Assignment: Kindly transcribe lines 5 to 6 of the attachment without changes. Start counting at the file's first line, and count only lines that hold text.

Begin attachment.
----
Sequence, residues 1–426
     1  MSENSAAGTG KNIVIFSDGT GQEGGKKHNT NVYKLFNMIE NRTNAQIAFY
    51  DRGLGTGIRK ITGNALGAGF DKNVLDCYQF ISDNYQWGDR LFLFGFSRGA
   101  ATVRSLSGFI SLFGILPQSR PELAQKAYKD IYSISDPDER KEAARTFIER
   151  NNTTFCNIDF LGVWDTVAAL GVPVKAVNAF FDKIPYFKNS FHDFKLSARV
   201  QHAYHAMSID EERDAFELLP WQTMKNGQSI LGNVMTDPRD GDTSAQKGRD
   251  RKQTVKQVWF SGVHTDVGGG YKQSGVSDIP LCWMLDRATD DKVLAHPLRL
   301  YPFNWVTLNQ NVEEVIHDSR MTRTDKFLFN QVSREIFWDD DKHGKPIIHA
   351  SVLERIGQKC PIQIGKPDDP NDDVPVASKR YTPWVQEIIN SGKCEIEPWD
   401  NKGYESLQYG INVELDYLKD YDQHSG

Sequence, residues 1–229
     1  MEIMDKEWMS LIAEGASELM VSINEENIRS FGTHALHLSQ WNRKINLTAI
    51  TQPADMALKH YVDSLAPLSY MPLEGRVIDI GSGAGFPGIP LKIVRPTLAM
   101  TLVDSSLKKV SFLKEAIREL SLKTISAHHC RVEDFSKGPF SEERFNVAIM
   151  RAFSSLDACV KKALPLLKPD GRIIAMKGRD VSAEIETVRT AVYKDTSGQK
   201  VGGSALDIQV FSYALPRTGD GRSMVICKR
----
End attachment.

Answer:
   151  NNTTFCNIDF LGVWDTVAAL GVPVKAVNAF FDKIPYFKNS FHDFKLSARV
   201  QHAYHAMSID EERDAFELLP WQTMKNGQSI LGNVMTDPRD GDTSAQKGRD